Interview: Carly Simon, Author Of 'Boys In The Trees' The woman behind "You're So Vain" has stories for days about love and music. On the occasion of a new memoir, she joins NPR's Scott Simon to unfold a few of them.

Carly Simon: 'I'm Constantly Reemerging In My Life'

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Carly Simon was born into what sounds like a charmed life. Her father Richard was the co-founder of Simon & Schuster. The family moved in glamorous circles. But then there was the other, which she writes about in her new memoir, "Boys In The Trees," which includes sharp vignettes into personalities that include Kris Kristofferson, Mick Jagger, Warren Beatty, James Taylor, but most of all, insights into Carly Simon and her music, including that song.


CARLY SIMON: (Singing) You're so vain. You probably think this song is about you. You're so vain.

SCOTT SIMON: Carly Simon, who has recorded some of the most personal, poetic and popular songs of our time, in a voice that's at once dusky and resonant, joins us now from her home in Martha's Vineyard. Thanks so much for being with us.

CARLY SIMON: Oh, it's very nice to be here.

SCOTT SIMON: What was it like for you to write about what, on the surface, sounds like golden days growing up in New York?

CARLY SIMON: You know, the main reason that I wrote the book was because I had kept diaries for a good part of my life, starting really from when I could write, you know, handwrite. And I talked about my sisters and my brother and my mother and father and various people who lived in our apartment building in New York City, which was a six-story building that my father owned. And there was a lot of charm - it was a lot charm in just living in a big family compound of the house. And my two uncles, who were into jazz, lived in the basement, and they were young blokes at the time. And they had - one of them, Uncle Peter, taught me how to play the ukulele and taught me my first songs on the uke (ph), which was a predecessor of the guitar, really.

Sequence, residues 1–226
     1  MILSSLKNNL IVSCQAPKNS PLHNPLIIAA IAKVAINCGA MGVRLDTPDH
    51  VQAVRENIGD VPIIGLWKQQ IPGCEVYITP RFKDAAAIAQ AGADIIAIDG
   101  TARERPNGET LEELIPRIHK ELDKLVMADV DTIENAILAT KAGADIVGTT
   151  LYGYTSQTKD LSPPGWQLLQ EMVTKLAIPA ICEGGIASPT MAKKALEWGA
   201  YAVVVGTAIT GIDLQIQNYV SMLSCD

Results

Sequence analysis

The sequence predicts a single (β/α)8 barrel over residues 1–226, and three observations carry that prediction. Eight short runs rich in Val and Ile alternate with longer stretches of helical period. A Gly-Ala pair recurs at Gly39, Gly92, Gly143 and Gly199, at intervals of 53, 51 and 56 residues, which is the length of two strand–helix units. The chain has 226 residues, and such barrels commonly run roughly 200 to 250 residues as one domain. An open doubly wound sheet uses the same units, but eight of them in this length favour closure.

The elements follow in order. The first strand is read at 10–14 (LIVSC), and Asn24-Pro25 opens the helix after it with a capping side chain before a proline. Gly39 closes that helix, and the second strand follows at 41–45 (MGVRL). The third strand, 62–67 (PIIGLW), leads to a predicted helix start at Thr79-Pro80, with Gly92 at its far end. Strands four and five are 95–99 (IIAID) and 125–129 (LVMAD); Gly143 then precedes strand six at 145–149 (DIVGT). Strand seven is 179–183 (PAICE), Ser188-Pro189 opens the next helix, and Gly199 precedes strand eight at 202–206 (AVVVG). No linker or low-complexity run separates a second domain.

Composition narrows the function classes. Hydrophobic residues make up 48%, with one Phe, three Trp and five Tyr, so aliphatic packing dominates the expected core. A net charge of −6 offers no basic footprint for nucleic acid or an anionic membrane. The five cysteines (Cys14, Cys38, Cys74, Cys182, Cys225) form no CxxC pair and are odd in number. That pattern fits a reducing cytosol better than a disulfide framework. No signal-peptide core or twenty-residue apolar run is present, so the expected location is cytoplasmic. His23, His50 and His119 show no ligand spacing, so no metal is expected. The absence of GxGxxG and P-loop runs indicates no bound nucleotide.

SCOTT SIMON: Yeah. You and your sister Lucy were the singing Simon Sisters. How did you start singing together?

CARLY SIMON: Well, we started singing together in my junior or senior year of high school, and she was already in college. And she got a guitar first, and she learned some chords. And she came home and taught me the chords on the weekends and holidays when she'd come home. And she wrote a song called "Winkin', Blinkin' And Nod."


THE SIMON SISTERS: (Singing) Winkin' and Blinkin' and Nod, one night, sailed off on a wooden shoe.

CARLY SIMON: We learned the chords to it from a boy named Davey Goud (ph), who lived up on the Vineyard. And he taught Lucy some chords and also a strum to play the song. And then Lucy taught me the strum, and we could both sing that one song. And then we learned maybe a couple of others, a Harry Belafonte song, a Judy Collins song, a Tarriers song - and also we had a book of folk songs in our house on Martha's Vineyard. And we would just look through that book and just gobble it up. We just were so happy when we learned more than four chords.